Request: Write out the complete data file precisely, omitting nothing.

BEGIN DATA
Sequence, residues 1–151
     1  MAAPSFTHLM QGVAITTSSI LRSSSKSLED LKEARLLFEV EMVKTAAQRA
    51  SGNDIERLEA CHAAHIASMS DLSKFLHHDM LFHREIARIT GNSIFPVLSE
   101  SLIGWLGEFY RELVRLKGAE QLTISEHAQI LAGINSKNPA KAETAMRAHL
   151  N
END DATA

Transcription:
Sequence, residues 1–151
     1  MAAPSFTHLM QGVAITTSSI LRSSSKSLED LKEARLLFEV EMVKTAAQRA
    51  SGNDIERLEA CHAAHIASMS DLSKFLHHDM LFHREIARIT GNSIFPVLSE
   101  SLIGWLGEFY RELVRLKGAE QLTISEHAQI LAGINSKNPA KAETAMRAHL
   151  N